Archive for March, 2007

Equality issues?(Poetry)Is it any wonder?

March 30, 2007


 By Eudiah Kamonjo. 

Is it any wonder

That when he says ‘I want be a dancer’

You think, “Mmm.. how creative”

But when she says, “ I want be a dancer.

You think, “Mmm… how trashy.” 

Is it any wonder

That when he says, “Am working late dear.

You think, “He’s so hardworking.

But when she says, “I’m working late dear.

You think, “She must be seeing someone else.” 

Is it any wonder

That when she’s promoted

You think, “She must have seduced the boss.

But when he’s promoted

You say, “He deserved it.” 

Is it any wonder

That when she’s late for work

You think, “She takes too much time dressing

But when he’s late

 You think, “He’s probably working out” 

Is it any wonder

That when she’s expectant,She’s sent on leave

But when his wife’s expectant

 He gets a huge raise 

Is it any wonder

That when she gets a scholarship abroad

You think, “She’ll never come back.

But when he gets a scholarshipYou think,

“ He’s going to help his family” 

Is it any wonder

Equality will ever be

For Eves and Adams alike.

Poetry(this day, this one)

March 27, 2007


By Eudiah Kamonjo.

This day…. this one

Beats the dawning chill

Walks from Kibera to Embakasi

 Envying the man on the front seat Of that black Hummer

But knowing full well he will never get there

Unless….Unless he hits the merry jackpot! 

This day…. this one

Walks down the pathway Even as flying toilets explode ‘boob’!Right at his face

And he has to choose

To go back and change then face the wrath of Rajesh the boss

This day…. this one

Still seats at the reception 

Awaiting her cheque which should have been ready  Three months ago 

This day…… this one

Might just runaway to Uganda With that truck driverRather than go back home empty handed 

This day…This one

Puts the cart before the horse and pays for it  

Disappointments Conmen

In this city in the sun

Where each day is a story to tell

And every dream pushes you on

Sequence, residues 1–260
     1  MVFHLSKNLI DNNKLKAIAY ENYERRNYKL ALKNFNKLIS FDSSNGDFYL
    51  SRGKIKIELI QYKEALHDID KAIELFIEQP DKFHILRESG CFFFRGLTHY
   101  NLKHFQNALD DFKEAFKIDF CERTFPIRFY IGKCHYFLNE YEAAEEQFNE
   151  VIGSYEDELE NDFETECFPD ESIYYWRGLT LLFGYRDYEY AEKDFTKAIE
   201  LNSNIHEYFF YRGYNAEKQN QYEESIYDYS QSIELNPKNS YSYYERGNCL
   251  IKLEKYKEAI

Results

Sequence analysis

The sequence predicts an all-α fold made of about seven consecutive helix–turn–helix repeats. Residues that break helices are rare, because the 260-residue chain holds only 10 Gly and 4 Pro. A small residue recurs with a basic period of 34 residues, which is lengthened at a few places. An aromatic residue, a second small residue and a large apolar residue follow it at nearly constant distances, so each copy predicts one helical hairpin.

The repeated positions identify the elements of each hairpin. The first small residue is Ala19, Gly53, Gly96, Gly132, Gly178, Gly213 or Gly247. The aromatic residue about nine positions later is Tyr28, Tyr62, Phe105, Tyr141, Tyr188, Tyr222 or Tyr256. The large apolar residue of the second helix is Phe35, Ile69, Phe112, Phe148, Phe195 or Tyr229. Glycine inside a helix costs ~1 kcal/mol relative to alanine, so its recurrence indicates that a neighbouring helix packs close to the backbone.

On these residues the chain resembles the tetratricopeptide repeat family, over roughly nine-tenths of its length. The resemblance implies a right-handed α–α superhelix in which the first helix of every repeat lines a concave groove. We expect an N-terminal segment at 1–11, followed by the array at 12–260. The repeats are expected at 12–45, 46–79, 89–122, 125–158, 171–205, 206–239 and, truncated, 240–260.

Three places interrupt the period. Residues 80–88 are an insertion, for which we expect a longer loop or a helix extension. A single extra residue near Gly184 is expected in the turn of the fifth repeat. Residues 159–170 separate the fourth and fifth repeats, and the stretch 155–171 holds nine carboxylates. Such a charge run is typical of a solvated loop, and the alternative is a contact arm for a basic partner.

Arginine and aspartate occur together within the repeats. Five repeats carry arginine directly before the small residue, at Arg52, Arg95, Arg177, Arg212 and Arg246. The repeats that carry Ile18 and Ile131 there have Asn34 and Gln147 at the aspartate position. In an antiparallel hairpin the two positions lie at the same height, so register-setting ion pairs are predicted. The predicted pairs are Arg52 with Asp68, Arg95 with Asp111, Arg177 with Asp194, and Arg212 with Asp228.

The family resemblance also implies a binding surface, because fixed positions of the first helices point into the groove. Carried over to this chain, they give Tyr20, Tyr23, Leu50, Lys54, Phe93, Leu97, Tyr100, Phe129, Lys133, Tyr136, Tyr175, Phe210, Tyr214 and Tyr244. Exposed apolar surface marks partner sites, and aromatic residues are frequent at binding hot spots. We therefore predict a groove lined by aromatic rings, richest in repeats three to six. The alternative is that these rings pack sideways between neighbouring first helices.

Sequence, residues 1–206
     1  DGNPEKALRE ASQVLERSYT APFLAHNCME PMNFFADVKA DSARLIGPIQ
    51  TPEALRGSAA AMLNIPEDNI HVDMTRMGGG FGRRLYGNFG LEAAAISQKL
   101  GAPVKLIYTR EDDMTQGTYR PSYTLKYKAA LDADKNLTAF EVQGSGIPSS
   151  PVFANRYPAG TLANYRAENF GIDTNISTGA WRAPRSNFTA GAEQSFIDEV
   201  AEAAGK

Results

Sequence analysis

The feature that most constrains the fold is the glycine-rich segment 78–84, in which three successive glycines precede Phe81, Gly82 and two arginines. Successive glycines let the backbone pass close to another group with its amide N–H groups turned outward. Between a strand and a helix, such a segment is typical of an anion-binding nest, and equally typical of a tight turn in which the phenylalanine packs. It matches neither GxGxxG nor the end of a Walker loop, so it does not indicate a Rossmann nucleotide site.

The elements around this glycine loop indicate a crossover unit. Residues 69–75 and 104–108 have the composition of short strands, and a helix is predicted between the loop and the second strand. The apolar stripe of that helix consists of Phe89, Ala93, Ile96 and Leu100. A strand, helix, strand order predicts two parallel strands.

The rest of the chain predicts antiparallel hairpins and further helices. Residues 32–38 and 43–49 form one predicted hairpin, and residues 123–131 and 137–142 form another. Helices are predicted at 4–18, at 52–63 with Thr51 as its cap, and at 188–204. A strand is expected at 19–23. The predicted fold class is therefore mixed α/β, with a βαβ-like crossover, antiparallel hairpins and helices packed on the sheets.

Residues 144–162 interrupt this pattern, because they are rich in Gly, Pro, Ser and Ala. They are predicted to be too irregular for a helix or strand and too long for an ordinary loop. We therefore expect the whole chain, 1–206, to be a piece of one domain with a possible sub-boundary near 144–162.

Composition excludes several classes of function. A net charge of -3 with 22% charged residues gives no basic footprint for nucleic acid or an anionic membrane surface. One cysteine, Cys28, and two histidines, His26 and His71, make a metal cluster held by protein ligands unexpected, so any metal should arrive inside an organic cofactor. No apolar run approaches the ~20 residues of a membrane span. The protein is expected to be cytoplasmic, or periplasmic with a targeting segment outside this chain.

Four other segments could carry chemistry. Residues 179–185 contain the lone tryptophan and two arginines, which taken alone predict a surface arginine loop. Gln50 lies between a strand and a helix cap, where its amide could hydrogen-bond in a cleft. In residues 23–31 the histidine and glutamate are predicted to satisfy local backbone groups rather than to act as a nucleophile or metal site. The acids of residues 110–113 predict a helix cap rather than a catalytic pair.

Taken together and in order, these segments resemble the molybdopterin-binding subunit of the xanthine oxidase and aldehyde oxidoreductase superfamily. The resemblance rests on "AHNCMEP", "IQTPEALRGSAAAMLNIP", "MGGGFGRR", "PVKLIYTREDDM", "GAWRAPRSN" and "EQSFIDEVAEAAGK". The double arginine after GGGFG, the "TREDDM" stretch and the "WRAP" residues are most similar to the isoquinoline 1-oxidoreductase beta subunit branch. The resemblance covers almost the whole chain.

This day….. this one

Carries her baby behind her back Sells tomatoesEven as City Council dudes

Do the thing they love best

But she fights on

If only to place some ugali on the table

Oh!! The thought of her husband

Sleeping all day makes her sick

But still she pushes on 

This day this one

Is killed for owing some debt

Another one ventures into a new biz

Unafraid of the challenges 

this days We live on…. Even as the day looks grim 

This day…. everyday….

Is a story of rocking and rolling Working and quittingEating and starving

In this so called  ‘Green city in the sun.’ 

An appreciation of the present.

March 27, 2007

A DAY WITH REHEMA-an appreciation of the present.

By Eudiah Kamonjo.

I am very excited about the new magazine we are starting for the children of Africa (Bingwa). I will have the opportunity to spend plenty of time with children and get to have my world lighted up by their innocence and pure enthusiasm…..maybe even really get to relive my childhood…ha ha….Today is such an occasion.

We are going to spend a day with a 15-year-old girl who lives in the largest slum in Kenya, Kibera. This is so we give other children the chance to see how other people spend their weekends.  I am one of those sleepy heads who wakes up an hour after the alarm goes off; just for the kick of it……just to prove that I do not have to do whatever is stated. Today, however, I wake up immediately my alarm goes off. I do not want to be late. I am where I should be; outside the Hilton Hotel by 7.30 am.Our photographer Charles Kimani is late.  

In my short life I have learnt that ‘life’s like that’. You do something to your very best, only for it to blow up in your face. Something always comes up threatening to bring down everything you have ever worked for. However, things do not turn out like I was fearing. Juliet and her driver (both from UNICEF) are here on time. We pick up the photographer a few minutes later and head off to Kibera. Juliet briefs us a little about the girl we are going to spend the day with, Rehema. She is the first-born and lives with her father and three younger siblings. Her mother died two years ago and she does all the housework. They all live together in a one-roomed house in the slums of Kibera.

Kibera slum is a place you cannot go alone if you are a visitor. Apparently, the harsh living conditions give birth to thousands of angry people. They steal from you and call you all types of names if they realize you do not look like a Kibera resident. I personally do not think it’s that bad….Well, as long as you aren’t wearing ‘bling blings’.  

This is not my first time here on the job. When I was a freelance journalist, I decided to write a story on Kibera. I came alone. My small camera and I did what every other tourist or journalist does…..go to the chief.I was given someone to guide me to all the places I had to go; for a fee of course. That’s another story altogether.